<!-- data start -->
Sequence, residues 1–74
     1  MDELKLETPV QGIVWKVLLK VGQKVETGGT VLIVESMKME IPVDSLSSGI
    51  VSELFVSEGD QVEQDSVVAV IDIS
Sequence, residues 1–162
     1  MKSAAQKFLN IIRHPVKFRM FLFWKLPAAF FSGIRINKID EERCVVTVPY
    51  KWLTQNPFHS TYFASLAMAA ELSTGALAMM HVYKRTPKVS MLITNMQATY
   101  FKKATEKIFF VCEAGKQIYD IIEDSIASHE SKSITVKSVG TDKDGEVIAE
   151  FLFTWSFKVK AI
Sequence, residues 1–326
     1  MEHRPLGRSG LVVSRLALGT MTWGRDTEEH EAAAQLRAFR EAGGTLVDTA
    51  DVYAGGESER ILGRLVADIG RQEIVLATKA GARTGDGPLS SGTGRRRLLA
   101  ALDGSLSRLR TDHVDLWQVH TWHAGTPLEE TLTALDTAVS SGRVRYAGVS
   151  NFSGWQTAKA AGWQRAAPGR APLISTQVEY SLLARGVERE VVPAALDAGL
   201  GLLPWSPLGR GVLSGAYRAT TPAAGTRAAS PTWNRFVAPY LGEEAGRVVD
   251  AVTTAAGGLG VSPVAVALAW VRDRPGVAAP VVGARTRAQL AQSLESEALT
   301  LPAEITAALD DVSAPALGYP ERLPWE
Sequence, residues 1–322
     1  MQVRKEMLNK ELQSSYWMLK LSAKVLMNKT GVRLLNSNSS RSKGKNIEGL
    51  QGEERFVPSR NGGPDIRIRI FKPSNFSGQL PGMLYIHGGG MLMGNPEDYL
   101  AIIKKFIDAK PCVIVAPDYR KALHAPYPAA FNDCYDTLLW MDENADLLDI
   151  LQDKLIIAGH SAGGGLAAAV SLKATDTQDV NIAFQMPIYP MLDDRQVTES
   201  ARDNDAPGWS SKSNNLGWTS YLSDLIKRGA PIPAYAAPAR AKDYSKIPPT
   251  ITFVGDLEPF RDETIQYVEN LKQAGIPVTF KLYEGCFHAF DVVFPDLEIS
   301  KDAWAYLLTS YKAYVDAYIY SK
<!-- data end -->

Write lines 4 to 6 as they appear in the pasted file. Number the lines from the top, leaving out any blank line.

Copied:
Sequence, residues 1–162
     1  MKSAAQKFLN IIRHPVKFRM FLFWKLPAAF FSGIRINKID EERCVVTVPY
    51  KWLTQNPFHS TYFASLAMAA ELSTGALAMM HVYKRTPKVS MLITNMQATY